Table 2
Meta-Analysis Results for Correlations
Subgroup Total
K* a** b** Mean
Performance 5324 26 .865 (9) .972 (11) .032 .29 .57 93%
Satisfaction 4900 24 .865 (9) .867 (4) .140 .34 .67 93%

* Number of correlations included in analysis.
** Reliability of the independent and dependent variable respectively. Figures in parentheses indicate the number of studies involved in calculations.
*** Corrected for sampling error and reliability attenuation.

Moderator Variables

According to Hunter et al. (1982), a large amount of unexplained variance among studies suggests the presence of potential moderator variables, and Hunter and Schmidt (1990) argue that when “residual” variance in effect sizes across studies is great, strong evidence exists for the existence of moderator variables. That is, if a large proportion of variance remains unexplained after correcting for statistical artifacts, then differences in correlations across studies may be due to one or more moderator variables. Consequently, since the ratio of unexplained variance was greater than 25% for both dependent variables (93% for both performance and satisfaction), a post hoc attempt was made to uncover potential moderators.

While a wide number of moderators could potentially influence the relationship between punishment and the outcome variables, the limited data reported in published studies restricted potential moderators to the method used to acquire data (quantity versus perceptual methods and survey versus experimental methods) and the source of outcome variable information (supervisor versus self). Table 3 breaks down the total sample for performance to see if different measurement methods can account for observed variance. When employee performance is measured by objective output (i.e., quantity), the correlation mean is just slightly positive at .088, and unexplained variance decreases to 82%. If performance is determined by questionnaires which measure perceptions (either supervisor or self), the correlation mean is .028, which has no effect upon the amount of variance explained.

Table 3
Subgroup Meta-Analysis of Moderator Effects: Performance
Subgroup Total
K* Mean
Total 5324 26 .032 .29 .57 93%
Quantity 428 6 .088 .29 .57 82%
Perception 4896 20 .028 .30 .59 94%
Survey 4573 19 .064 .29 .57 93%
Experiment 751 7 -.016 .29 .57 88%
Supervisor 3557 12 -.030 .29 .57 94%
Self 1339 8 .175 .27 .53 90%

* Number of correlations included in analysis.
** Corrected for sampling error and reliability attenuation.

When performance is grouped by either survey or experimental manipulation, the mean correlations are .064 and -.016, respectively. Unexplained variance remains the same for survey methods, and it drops slightly to 88% for experimental methods.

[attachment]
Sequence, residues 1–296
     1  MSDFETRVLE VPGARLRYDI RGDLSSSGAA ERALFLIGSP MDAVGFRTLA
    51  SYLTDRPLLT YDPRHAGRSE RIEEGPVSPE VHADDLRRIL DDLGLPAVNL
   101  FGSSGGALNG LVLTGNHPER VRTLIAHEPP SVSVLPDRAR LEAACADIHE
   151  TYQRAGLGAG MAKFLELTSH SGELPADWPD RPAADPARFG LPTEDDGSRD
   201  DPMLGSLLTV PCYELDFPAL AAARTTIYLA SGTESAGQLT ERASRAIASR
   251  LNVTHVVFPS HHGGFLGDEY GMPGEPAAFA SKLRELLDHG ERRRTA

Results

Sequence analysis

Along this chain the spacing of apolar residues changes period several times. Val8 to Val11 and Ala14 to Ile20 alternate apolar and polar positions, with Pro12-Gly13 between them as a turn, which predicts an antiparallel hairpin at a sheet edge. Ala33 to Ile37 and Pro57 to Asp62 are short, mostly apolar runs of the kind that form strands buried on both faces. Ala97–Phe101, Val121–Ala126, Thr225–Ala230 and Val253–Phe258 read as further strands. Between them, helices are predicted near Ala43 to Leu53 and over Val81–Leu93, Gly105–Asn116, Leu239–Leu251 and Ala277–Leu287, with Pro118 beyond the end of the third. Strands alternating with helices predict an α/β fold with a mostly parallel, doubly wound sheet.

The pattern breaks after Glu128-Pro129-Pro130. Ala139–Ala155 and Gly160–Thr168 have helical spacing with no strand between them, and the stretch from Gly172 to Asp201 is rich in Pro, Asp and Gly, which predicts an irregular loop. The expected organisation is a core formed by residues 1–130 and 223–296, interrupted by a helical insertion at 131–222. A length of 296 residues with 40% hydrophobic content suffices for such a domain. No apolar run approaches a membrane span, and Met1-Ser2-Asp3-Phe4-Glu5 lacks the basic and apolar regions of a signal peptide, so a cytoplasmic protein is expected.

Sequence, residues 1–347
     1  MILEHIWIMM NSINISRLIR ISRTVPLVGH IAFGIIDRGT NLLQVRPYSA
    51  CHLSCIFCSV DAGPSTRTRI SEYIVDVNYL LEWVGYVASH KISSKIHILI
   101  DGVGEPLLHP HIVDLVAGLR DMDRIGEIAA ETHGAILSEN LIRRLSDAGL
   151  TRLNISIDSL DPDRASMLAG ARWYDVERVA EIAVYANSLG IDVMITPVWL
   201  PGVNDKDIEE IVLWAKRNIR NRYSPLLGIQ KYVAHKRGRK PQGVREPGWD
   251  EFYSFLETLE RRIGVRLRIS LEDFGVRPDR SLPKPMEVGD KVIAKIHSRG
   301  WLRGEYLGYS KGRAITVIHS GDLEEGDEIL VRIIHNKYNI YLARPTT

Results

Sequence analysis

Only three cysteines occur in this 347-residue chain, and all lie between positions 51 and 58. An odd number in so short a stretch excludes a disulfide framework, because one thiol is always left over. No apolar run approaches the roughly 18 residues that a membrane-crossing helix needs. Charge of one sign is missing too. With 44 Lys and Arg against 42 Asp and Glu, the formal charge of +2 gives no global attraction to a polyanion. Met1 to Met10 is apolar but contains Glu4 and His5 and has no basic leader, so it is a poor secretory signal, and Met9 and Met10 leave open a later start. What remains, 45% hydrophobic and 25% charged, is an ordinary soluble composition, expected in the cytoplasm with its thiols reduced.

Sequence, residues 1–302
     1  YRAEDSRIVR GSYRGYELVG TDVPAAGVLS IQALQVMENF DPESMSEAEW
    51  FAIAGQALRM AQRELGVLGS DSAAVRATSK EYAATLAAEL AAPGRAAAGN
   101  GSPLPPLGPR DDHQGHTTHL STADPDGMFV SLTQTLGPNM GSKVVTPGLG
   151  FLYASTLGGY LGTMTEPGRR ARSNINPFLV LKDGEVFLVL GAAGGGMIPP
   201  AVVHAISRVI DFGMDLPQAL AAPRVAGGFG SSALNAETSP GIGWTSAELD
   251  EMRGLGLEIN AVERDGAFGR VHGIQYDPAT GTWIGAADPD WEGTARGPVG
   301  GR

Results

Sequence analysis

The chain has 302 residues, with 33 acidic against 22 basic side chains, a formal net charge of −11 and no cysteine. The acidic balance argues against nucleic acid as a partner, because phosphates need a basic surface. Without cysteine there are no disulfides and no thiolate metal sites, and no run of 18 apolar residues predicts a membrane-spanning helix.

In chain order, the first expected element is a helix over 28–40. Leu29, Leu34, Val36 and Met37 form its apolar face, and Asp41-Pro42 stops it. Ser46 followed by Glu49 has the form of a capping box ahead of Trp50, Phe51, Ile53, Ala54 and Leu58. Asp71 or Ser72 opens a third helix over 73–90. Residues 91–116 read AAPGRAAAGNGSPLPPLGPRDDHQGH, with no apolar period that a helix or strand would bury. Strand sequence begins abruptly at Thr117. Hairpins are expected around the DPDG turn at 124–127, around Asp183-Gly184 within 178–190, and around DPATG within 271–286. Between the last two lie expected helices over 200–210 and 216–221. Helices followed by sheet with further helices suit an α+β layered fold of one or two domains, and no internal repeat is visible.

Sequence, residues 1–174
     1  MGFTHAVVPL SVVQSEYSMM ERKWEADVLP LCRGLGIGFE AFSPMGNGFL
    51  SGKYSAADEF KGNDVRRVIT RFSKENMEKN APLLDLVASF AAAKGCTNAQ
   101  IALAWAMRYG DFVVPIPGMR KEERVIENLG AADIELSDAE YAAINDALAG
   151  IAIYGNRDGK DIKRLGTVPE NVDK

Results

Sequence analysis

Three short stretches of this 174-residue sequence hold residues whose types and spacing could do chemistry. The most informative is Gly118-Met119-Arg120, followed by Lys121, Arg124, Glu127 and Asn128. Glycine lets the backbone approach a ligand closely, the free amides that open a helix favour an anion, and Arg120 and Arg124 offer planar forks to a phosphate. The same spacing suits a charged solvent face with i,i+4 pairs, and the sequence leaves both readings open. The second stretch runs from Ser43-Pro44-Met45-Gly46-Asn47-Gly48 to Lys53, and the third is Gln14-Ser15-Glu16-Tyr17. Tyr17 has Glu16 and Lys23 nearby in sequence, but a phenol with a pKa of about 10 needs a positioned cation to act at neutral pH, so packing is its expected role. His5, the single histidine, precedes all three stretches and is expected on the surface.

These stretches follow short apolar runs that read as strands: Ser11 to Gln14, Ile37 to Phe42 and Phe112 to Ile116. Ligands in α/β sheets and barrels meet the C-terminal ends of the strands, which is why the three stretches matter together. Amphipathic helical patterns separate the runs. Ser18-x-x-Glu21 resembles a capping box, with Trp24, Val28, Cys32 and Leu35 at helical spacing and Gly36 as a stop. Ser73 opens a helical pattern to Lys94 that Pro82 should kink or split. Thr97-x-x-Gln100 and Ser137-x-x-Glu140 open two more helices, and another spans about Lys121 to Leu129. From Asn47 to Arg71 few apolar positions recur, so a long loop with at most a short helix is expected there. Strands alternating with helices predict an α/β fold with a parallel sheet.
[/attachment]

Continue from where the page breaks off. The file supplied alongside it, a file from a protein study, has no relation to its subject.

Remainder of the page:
Grouping performance by supervisor or self-perception questionnaires increases the mean correlation to .175 for self-perceptions, which is the largest mean correlation uncovered between punishment and performance. However, unexplained variance remains high at 94% and 90%, respectively.

Table 4
Subgroup Meta-Analysis of Moderator Effects: Satisfaction
Subgroup Total
K* Mean
Total 4900 24 .140 .34 .67 93%
Field 4204 18 .149 .30 .59 94%
Experiment 696 6 .016 .10 .20 47%
JDI 3587 11 .029 .18 .35 85%
Non-JDI 1313 13 .386 .43 .84 95%

* Number of correlations included in analysis.
** Corrected for sampling error and reliability attenuation.

Table 4 breaks down the total sample for satisfaction to see if different measurement methods can account for observed variance. When satisfaction was measured during experiments, the mean correlation was near zero (.016), but the amount of unexplained variance dropped to 47%. When satisfaction was measured during field surveys, the mean correlation between punishment and satisfaction was almost .13, but unexplained variance remained high at 94%.

Eleven of the reported samples used the JDI to measure employee satisfaction, while 13 samples used some other instrument. It is interesting to note that the JDI had a mean correlation of just .029 (although unexplained variance dropped to 85%). However non-JDI measurements resulted in a positive mean correlation of nearly .40, the largest correlation uncovered between punishment and satisfaction, although unexplained variance remained unchanged.